Posted by Lewis on March 11, 2004
In Reply to: Re: Holland, Netherlands and the Dutch posted by Henry on March 08, 2004
: : Recently in The Times Q&A section a question was asked about Netherlands vs Holland as the correct name for that country. The answer said that Holland strictly refers only to two southern provinces. Nederlands is the official name and appears on currency and stamps. Incidenatlly, in spite of this, the locals still shout for Holland at international football matches! Later, a supplementary question was published. Today, that following extra question was answered. I found it interesting and thought I'd share it.
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: : I was interested to read about Holland and the Netherlands (Q&A, February 25), but where do the "Dutch" come from?
: : In medieval times the Germanic people with whom the ordinary Englishman most frequently came into contact were sailors who lived on the other side of the North Sea. They probably described themselves as "Deutsch", which was later corrupted in English and written as "Dutch".
: : In contrast, the "Germanic" people with whom the English aristocracy came into contact were the aristocracy of the Holy Roman Empire. The mutual language of communication that they used was Latin, hence the area from which they came was described as "Germania", which later became "Germany".
: : To this day, notwithstanding the atrocities of 1940-45, the Dutch national anthem has references to the country's Germanic origin - the opening lines of the anthem (written about 1569) being "Wilhelmus van Nassouwe / Ben ik van Duitsen bloed" which translates as: "I am William of Nassau / Of Germanic descent".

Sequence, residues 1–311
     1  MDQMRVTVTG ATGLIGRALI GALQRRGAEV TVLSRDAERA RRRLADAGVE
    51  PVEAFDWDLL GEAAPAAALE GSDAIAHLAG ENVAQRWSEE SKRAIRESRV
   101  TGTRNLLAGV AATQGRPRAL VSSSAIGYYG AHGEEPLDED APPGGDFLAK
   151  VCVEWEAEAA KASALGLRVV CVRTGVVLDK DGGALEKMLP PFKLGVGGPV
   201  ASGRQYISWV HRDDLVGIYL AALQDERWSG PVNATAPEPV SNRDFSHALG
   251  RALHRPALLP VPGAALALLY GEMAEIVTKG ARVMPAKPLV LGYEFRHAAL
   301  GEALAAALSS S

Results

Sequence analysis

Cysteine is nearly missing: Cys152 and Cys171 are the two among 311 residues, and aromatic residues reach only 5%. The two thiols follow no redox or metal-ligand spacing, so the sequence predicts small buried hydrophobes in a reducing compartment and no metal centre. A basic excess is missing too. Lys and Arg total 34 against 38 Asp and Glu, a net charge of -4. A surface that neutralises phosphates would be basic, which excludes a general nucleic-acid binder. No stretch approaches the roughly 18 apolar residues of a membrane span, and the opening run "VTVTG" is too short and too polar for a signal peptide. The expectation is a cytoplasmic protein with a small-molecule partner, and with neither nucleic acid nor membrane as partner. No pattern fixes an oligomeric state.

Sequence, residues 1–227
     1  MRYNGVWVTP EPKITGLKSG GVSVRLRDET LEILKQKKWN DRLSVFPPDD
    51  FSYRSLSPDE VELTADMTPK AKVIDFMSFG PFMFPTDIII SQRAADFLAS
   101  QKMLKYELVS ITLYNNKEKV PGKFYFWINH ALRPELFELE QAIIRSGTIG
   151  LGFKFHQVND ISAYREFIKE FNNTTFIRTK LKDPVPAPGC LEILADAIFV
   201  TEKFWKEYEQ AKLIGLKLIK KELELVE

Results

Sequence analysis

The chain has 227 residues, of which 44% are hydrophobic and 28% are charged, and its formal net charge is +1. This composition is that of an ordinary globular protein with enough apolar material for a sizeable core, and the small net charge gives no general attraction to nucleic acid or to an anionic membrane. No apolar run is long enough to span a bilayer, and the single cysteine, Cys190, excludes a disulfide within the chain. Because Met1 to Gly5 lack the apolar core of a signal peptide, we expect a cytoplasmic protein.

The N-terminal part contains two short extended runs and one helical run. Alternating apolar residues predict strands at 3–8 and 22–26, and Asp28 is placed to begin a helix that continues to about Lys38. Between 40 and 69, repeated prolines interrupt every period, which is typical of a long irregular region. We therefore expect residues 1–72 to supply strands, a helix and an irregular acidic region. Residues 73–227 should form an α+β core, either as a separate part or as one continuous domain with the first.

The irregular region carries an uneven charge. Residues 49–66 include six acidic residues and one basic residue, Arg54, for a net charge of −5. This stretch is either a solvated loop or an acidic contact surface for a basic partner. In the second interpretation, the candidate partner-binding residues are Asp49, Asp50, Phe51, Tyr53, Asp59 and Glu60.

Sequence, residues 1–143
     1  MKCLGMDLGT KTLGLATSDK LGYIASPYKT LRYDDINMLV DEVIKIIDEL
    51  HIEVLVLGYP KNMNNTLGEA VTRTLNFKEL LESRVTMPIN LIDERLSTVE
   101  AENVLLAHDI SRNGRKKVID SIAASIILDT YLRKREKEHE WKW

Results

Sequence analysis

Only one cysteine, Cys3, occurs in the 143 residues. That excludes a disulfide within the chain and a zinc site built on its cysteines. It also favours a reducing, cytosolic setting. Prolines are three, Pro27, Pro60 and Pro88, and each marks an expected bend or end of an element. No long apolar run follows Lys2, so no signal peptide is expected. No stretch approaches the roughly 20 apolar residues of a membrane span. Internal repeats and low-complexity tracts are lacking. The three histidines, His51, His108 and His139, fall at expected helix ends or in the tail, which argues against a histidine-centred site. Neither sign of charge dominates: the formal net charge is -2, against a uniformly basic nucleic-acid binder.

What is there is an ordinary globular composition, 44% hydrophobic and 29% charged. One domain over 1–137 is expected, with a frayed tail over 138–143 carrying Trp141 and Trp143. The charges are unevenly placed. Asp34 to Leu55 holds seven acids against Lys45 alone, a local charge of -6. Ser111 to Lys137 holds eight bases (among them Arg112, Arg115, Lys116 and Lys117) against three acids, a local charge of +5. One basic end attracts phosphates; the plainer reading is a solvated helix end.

: : Martin Vlietstra, Fleet, Hampshire
: : From the late Middle Ages to the 16th century, when linguistic distinctions were not sharply defined, the English often
: : described anyone, speaking a Germanic language as "Doch" or "T(h)eutonicus", heedless of whether the subject hailed from Antwerp, Hamburg or Nuremberg. A survey of aliens in London in 1568 found 5,225 "Dutch parsons" but only a meagre 22 "Garmans".
: : Once the northern provinces of the Habsburg Low Countries gained their political independence in the early 17th century, it became usual to distinguish between Dutch and German speakers and their cultures. "Dutch" derives from the Middle Dutch duuts or diets which ultimately stem from the old Germanic word theudo meaning "people".
: : The nomenclature for the Low Countries has long puzzled foreigners, and no wonder. In the early modern period there were perhaps eight different ways of referring to the region, its inhabitants and cultures.
: : Alastair Duke, Southampton
: And the abbreviation for Dutch guilders was Hfl, Hollandse florijnen. Roll on the Euro.
We often forget that centuries past, Europe was regional and that modern countries were less defined. Often duchys/dukedoms spanned present borders and Belgium for example did not exist in its own right - Flanders and the Brabant would have been familiar names, but not 'Belgium'. Germany was another country of regions - Bavaria, Saxony, the Rhineland, Prussia - where exactly 'Germany' was a few hundred years ago is anybody's guess - which autonomous areas considered themselves to have a common identity I would not know. Holland/The Nederlands was not much more defined - it has regions and Northern Belgium has more culture in common with Holland than with the Walloon/French-speaking south.
When you realise that for centuries a chunk of France was considered part of England - because the Dukes held it under English rule - you can see how confusing it is to have countries and think of national identity.